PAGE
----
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Arthritis and Hospital Services

General Information

  • Canadians with arthritis are significantly more likely to report that they required but did not receive health care in 1999, compared to Canadians with another or no chronic condition.
  • xvi

Orthopaedic (Surgical) Procedures

  • The number of arthritis-related orthopaedic procedures per capita in Canada has remained remarkably static since 1994.iii
  • The only procedures for which rates increased significantly in Canada from 1994-2000 were hip and knee replacements.iv
  • The number of outpatient procedures increased from 1994-2000 in Canada, likely as a result of the increased use of arthroscopic (keyhole) surgery.v
  • The higher prevalence of arthritis among women is only partially reflected in the rates of orthopaedic procedures; the slightly higher rate of hip and knee replacement procedures among women does not wholly reflect their greater
  • The rate of orthopaedic procedures reached a plateau from 1994-2000 in older age groups in Canada, but the rate of medical admissions continued to climb.vii
  • Considerable provincial variation in both orthopaedic procedures and medical admissions is apparent, even after adjustment for differences in the age and sex composition of the provincial populationsviii

Arthritis and Medication

  • The percentage of Canadians with prescriptions for disease-modifying anti-rheumatic drugs (DMARDs), which are effective in treating rheumatoid arthritis, has increased steadily over time. Nevertheless, the overall rate of provision of these drugs falls short of the estimated prevalence of the disease.ix
  • The prescription of conventional non-steroidal anti-inflammatory drugs (NSAIDs) in Canada has shown a notable decline since 1998 for individuals over the age of 65. The release of COX-2 inhibitors onto the Canadian market in 1999 has likely contributed to this trend.x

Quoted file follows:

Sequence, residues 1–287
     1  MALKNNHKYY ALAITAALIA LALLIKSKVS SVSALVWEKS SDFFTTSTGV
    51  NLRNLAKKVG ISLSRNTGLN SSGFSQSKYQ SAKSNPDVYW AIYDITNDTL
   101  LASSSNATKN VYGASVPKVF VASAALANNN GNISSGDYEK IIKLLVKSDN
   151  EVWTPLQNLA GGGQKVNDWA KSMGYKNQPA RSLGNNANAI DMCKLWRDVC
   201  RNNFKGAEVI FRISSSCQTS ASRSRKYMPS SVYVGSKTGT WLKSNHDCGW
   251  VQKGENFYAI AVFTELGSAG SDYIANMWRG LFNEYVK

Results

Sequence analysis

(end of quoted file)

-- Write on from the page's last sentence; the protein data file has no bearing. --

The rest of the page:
• Some of the increases and decreases in prescription rates over time may be a result of changes in the provincial drug plan formularies over time.xi
  • The total cost of drugs, including management of the effects of drug toxicity, constituted only 15% to 20% of the direct costs of arthritisxii

Arthritis and Physician Visits

  • Approximately 163 of every 1,000 Canadians 15 years of age and older made a visit to a physician in 1998/1999 for arthritis and related conditions – an estimated total of 8.8 million visits in Canada. More women than men made arthritis-related visits. The rate of consultation was highest among older people of both sexes. xiii
  • Eighty-two percent of Canadians who made visits for arthritis and related conditions made at least one of these to a primary care physician. Overall 18.5% of people with arthritis-related visits saw a surgical specialist such as an orthopaedic surgeon at least once. 13.7% saw a medical specialist such as rheumatologist or internist at least once.xiv
  • Visit rates for arthritis and related conditions varied by province, ranging from 146 to 207 per 1,000 people aged 15 years and older. Differences in the provincial physician billing databases may account for some of this variation. Differences in the availability of physicians, especially specialists, may also be a contributing factor.xv

Musculoskeletal Disorders and Ambulatory Care

  • In Canada, over 15.5 million physician visits were made for musculoskeletal disorders during 1998-1999.xvii
  • Approximately 24% of Canadians made at least one physician visit for musculoskeletal disorders in 1998-1999.
  1. Arthritis in Canada. September 2003. Chapter 2, p. 23, Figure 2-25
  2. Ibid., Chapter 6, p. 79
  3. Ibid., p. 80
  4. Ibid., p. 82
  5. Ibid., p. 90
  6. Ibid., p. 91
  7. Ibid.
  8. Ibid.
  9. Arthritis in Canada. September 2003. Chapter 5, p. 70, Figure 5-6
  10. Ibid., p. 68, Figure 5-2
  11. Ibid., Chapter 5, p. 72
  12. Ibid.
  13. Arthritis in Canada. September 2003. Chapter 4, p. 52, Table 4-1
  14. Ibid., p. 55, Table 4-3
  15. Ibid., p. 58
  16. Ibid., Chapter 2, p. 23, Figure 2-25
  17. Power JD, Perruccio AV, Desmeules M, Lagacé C, Badley EM. Ambulatory physician care for musculoskeletal disorders in Canada. J Rheumatol. 2006 Jan;33(1):133-9. [Pub Med ID 16395761] Abstract & Supplementary Information
  18. Ibid.